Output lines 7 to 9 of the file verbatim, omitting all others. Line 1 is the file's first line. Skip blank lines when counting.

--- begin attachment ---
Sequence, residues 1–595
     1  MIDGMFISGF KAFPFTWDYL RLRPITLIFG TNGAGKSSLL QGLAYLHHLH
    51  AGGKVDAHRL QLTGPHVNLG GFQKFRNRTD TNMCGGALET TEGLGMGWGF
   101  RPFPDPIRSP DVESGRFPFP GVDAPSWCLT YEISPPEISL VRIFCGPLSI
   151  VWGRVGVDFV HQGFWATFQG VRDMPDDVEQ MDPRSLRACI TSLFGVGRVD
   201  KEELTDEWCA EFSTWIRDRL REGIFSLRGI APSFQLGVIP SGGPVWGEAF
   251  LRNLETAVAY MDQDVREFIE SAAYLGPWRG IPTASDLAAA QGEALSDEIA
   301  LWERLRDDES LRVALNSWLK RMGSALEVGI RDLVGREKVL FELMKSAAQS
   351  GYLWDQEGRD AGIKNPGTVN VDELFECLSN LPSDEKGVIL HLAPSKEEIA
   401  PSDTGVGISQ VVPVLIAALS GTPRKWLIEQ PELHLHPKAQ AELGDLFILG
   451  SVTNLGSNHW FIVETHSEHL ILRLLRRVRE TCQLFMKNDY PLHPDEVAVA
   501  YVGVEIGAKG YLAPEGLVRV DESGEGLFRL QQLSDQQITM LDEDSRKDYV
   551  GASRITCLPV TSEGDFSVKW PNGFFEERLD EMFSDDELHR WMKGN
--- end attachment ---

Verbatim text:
   251  LRNLETAVAY MDQDVREFIE SAAYLGPWRG IPTASDLAAA QGEALSDEIA
   301  LWERLRDDES LRVALNSWLK RMGSALEVGI RDLVGREKVL FELMKSAAQS
   351  GYLWDQEGRD AGIKNPGTVN VDELFECLSN LPSDEKGVIL HLAPSKEEIA